Augmented reality (AR) blends the virtual world with real objects and locations. This emerging technology is transforming industries in ways never before imagined. It enables museumgoers to conjure guides that resemble holograms; students to dissect virtual frogs; shoppers to envision how a chair will look in their living room before buying it; surgeons to visualize tissues underneath patients’ skin; architects and designers to collaborate on their creations in novel ways; drone operators to control remote robots with enhanced imagery; and novices to speedily learn new tasks in fields ranging from medicine to factory maintenance. AR imposes digital elements on a physical environment over what the user sees and interacts with using touch, voice, and gesture control.
This can be as simple as a video game that superimposes virtual characters on the real world, such as in the popular Pokemon GO, or as complex as an augmented medical image that overlays information about a patient’s heart and blood vessels over their chest. The information can be manually entered into the program by a human or generated automatically by sensors connected to an object, for example, when the car displays data on its reversing camera to help drivers back up safely. In industry, AR applications can help reduce costs by enabling workers to do more with less training, equipment, or resources. They can also enable new employees to work alongside experienced teammates in an immersive way that’s often safer than the real thing.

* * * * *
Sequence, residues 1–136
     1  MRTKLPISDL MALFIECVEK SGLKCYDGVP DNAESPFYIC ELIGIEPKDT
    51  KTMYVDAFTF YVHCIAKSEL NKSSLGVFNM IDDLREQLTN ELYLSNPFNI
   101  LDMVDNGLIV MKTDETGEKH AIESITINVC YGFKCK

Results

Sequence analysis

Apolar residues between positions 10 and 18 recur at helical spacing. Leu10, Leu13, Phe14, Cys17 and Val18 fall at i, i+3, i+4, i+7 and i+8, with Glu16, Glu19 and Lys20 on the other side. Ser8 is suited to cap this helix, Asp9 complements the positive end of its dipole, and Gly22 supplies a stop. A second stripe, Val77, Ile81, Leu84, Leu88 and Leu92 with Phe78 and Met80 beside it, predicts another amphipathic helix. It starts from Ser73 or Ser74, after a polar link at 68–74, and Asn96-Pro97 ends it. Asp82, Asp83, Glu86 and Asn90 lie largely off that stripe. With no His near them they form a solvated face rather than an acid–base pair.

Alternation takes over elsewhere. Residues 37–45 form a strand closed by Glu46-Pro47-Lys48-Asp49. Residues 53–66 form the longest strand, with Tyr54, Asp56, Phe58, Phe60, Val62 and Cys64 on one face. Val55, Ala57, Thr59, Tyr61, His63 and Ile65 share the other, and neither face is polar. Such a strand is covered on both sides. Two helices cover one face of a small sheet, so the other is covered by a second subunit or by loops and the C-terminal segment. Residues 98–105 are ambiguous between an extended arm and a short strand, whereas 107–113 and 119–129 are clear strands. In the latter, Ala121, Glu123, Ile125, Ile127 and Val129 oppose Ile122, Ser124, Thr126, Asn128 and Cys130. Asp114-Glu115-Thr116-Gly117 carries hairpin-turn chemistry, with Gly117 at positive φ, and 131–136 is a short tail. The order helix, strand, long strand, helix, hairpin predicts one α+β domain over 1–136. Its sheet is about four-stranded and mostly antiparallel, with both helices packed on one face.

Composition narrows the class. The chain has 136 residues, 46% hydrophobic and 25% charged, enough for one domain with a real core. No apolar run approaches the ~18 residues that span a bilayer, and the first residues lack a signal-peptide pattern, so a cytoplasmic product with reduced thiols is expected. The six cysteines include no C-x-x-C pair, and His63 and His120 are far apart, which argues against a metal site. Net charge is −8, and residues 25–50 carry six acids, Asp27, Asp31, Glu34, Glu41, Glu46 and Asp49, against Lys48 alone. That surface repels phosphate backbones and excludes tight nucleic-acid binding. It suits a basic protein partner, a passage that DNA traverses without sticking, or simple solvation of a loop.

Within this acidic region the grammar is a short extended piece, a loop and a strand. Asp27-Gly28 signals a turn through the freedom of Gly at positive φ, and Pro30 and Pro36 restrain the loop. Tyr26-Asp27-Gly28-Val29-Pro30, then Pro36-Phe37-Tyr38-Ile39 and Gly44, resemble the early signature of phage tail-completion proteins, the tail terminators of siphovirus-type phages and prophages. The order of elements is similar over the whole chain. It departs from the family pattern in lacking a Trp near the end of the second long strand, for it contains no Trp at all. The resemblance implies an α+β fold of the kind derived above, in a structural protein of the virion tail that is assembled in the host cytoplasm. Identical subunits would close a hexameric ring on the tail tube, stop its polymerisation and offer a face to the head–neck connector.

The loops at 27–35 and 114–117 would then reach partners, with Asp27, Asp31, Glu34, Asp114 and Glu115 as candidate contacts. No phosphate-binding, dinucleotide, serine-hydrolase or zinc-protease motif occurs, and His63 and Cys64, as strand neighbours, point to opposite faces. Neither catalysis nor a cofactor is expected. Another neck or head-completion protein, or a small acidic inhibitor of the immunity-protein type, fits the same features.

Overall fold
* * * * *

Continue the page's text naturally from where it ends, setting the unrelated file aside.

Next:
This can help businesses to differentiate themselves in a competitive retail landscape, for instance by offering customers the ability to try on clothing or furniture in their own homes or offices, or by showing how products will look in their surroundings before making a purchase. Some AR technologies require hardware such as headsets to operate, but advances in computing and memory capacity are making the experience faster and smoother, while reducing the demand for power on the devices themselves. In addition, software toolsets are appearing that give low- or no-code users the ability to build applications through drag-and-drop interfaces. The automotive industry is a prime example of how AR is helping companies to cut costs and increase productivity. Throughout the design, production, and service phases of manufacturing, an augmented view of the product can provide workers with the data and tools they need to optimize their processes.
This can reduce return rates, boost conversions, and enable a more streamlined transition for new employees. Augmented reality is also helping to reduce costs for consumers, too. For example, AR is used in vehicle showrooms to allow prospective buyers to interact with virtual models of vehicles before they buy them. This can make it easier to select the right model and color, as well as reduce the need for return visits or repairs later on. It can even be used to help customers order spare parts and accessories from a warehouse, so that they can be delivered directly to their doorstep.